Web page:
Another key aspect of liquidity-focused bonds is that bond prices are dynamically changing and can have a hard upper limit. This has an important purpose for the protocol, which is to allow it to control two levers: the speed of token exchange liquidity and the total amount of exchange liquidity.

As a way to control the expansion rate of the token supply of the protocol, if too many users buy bonds, the discount rate will drop or even become negative. The agreement can also determine its expected amount of liquidity through a hard cap, in which case bonds are no longer available, further controlling the expansion of supply based on precisely determined parameters.

Realigned incentives

This multi-faceted model helps to readjust the incentive mechanism between third-party liquidity providers and on-chain agreements. Compared with independent third-party liquidity providers, the agreement has more conditions to withstand impermanent losses. Although third-party liquidity providers face the opportunity cost of representing every other liquidity pool and revenue farming agreement in the market, the agreement has additional incentives to maintain liquidity because it helps ensure users who trade with its native token Exchanges at low prices, reducing the cost of entering their respective ecosystems.

Ultimately, OlympusDAO’s bond model allows the agreement to better mitigate the risk of low liquidity in a long-term, sustainable manner. Combined with income farming, the DeFi protocol now has more tools for them to use to carefully plan their growth stages, from initial liquidity to sustainable long-term growth.

Guide fluidity with Tokemak reactor

Another DeFi 2.0 project that focuses on liquidity is Tokemak, which is a DeFi protocol designed to optimize liquidity and liquidity flow. In short, Tokemak’s scale aims to promote liquidity through two different parties-the Tokemak protocol and liquidity providers (LPs), with the goal of effectively decentralizing liquidity through liquidity directors (LDs) sex.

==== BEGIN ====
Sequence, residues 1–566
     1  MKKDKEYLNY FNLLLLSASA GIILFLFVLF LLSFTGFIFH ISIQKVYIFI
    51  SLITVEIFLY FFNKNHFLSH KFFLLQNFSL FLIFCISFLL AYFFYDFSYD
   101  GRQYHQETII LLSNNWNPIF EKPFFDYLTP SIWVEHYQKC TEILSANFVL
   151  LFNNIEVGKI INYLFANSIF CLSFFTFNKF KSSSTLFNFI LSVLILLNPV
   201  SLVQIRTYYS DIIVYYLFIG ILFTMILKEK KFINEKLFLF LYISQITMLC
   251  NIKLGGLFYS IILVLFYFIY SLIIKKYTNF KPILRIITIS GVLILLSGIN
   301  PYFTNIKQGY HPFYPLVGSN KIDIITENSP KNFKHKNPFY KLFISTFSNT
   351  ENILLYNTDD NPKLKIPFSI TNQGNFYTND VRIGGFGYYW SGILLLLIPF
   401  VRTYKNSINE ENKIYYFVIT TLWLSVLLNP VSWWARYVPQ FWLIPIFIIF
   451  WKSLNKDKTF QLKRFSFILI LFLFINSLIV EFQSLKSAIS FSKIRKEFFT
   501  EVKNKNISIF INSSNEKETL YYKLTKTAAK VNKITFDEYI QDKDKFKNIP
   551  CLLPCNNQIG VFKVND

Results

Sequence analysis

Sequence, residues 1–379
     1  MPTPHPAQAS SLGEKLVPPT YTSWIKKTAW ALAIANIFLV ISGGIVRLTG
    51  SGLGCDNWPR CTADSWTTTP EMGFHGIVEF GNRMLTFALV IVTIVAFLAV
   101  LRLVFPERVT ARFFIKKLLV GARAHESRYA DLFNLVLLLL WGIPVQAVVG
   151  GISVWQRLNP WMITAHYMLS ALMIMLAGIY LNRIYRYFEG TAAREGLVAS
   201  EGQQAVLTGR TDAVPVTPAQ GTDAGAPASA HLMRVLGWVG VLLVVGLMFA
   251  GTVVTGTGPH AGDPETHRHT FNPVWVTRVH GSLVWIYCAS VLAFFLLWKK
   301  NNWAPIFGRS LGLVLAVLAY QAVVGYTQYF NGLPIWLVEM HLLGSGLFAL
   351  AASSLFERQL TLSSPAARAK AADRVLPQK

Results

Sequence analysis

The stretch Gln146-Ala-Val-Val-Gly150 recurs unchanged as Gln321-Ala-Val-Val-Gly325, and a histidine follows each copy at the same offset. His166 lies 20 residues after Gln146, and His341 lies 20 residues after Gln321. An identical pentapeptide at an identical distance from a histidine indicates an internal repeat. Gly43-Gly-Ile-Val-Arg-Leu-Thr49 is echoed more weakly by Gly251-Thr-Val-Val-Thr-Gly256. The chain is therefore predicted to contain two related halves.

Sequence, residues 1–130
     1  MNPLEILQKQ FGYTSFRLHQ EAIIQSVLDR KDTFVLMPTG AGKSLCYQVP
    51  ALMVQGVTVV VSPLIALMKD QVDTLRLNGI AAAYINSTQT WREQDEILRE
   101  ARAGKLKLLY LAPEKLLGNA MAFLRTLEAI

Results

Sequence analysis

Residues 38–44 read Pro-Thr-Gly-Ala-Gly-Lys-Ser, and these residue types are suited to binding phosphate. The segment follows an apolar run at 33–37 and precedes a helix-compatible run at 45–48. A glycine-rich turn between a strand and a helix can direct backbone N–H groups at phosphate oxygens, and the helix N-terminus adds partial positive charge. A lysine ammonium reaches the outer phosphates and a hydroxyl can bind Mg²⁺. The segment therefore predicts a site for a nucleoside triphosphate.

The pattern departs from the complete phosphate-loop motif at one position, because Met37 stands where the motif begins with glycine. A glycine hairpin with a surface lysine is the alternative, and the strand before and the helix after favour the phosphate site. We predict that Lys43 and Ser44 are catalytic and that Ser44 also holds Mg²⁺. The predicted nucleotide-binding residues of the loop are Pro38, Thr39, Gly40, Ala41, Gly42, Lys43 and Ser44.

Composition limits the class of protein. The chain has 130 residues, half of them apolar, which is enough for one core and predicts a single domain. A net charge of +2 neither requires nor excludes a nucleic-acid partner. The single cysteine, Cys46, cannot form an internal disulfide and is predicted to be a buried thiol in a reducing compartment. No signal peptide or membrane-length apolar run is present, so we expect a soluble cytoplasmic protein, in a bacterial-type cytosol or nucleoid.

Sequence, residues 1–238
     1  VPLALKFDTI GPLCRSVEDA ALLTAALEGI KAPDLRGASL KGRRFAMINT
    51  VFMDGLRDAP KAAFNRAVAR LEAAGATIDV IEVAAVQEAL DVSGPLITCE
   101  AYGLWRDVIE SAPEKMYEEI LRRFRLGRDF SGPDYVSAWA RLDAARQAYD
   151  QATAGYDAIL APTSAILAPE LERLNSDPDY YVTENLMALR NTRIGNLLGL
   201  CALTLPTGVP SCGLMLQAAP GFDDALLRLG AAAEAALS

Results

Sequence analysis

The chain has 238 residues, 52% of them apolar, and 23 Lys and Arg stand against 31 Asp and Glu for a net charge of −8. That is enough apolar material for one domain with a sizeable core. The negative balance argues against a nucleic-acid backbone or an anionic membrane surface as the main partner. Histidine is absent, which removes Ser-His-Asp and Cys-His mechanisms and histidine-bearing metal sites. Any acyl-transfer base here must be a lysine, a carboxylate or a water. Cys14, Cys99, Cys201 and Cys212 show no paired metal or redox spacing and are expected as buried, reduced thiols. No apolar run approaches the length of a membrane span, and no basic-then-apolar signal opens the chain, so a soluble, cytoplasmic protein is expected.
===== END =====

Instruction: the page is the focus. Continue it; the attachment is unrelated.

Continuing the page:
The following is its mode of operation. Consider the content of the LP token. Liquidity providers are required to submit equal amounts of two currencies in a given exchange pair. As the weight shifts and prices change, it will cause impermanence losses. In order to solve this problem, the Tokemak protocol holds stablecoins and reserves of the first layer of assets as the basic pair of emerging tokens. This constitutes an aspect of the liquidity pair. For the Token X-ETH liquidity pool on Uniswap, the Tokemak reserve contributed ETH.

Then independent third-party liquidity providers and DeFi projects can be brought together to form the Token X party of liquidity. At this time, liquidity directors (LDs) became the focus. The liquidity director controls the flow of liquidity by staking Tokemak’s native tokens, using these two unilateral liquidity pools, and then directing the liquidity to the extensive AMM protocol.

From "DeFi Summer" to "DeFi 2.0" Liquidity Incentive Scheme Improvement

Balance liquidity flow and direction

The final result of this system is that the liquidity flowing through Tokemak is committed to meeting the goal of efficient and sustainable liquidity in the entire DeFi ecosystem.

The liquidity director moves liquidity according to the voting mechanism, and the liquidity provider obtains Tokemak’s native token for providing unilateral liquidity. The variable income earned by each party is balanced with the other party to achieve an optimized ratio between the liquidity director and the liquidity provider, and to ensure that the amount of liquidity provided has an optimal number of directors.